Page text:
This point has to be settled if we are to have a uniform message.
While I like to settle this point, it isn't necessary to have a uniform message, as it does not pertain to the abrogation doctrine, by which we mean abrogation of verses in the bound volume of the Quran.
An abrogated command is one that had to be followed at some point in time, and at a later point in time had no element that needed to be followed.
This is a good definition of an abrogated command, but it is missing a qualifier: complete. We only know if a command is complete if no further command pertaining to it is issued later, or if God (or His Messenger) say it's complete.
This is what I believe the Salaf meant by منسأ. They meant a component of a compound command that it delayed until it was the right time to issue it. This is what Az-Zarkashi
has clearly stated. His conclusion was that there were no verses in the Quran that were abrogated in any way, but rather verses whose full verdict has taken more than one command spread over time.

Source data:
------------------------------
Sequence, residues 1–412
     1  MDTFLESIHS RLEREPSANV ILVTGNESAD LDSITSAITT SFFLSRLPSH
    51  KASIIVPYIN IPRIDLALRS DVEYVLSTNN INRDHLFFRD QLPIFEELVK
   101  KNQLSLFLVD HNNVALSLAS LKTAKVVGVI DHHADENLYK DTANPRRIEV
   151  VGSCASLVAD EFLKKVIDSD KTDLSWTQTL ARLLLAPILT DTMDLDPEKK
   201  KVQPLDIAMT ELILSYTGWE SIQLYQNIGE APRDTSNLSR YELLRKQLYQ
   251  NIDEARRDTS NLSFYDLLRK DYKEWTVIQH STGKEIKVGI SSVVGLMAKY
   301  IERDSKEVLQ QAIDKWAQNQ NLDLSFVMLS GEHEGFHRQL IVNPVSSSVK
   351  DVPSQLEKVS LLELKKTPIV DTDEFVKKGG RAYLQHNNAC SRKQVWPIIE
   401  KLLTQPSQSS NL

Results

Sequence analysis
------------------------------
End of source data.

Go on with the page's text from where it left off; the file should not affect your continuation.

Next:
What we agree on is that there are no abrogated verses in the text of the Quran. This does not require that there would be no abrogation period.
While that is true, I became convinced, after reading Ataaya's book, that no abrogation of divine
books took place. What the Quran abrogated was not the Torah and the Gospel, but the Old Testament and the New Testament.
For instance, some foods that were prohibited before Jesus became allowed after he came. Let me now ask point blank. Do you agree that this is a case of abrogation?
Actually, no. Here is why. The command to forbid certain foods was a punishment from God to the Israelites, evidenced by the first four words of the verse,
Those foods became allowed to the Jews who accepted Jesus. That is the contingency of the new command, evidenced by the last three words of the verse,
Notice how he says "Confirming what is before me of the Torah"? The Gospel came to confirm the Torah and abrogate the Old Testament.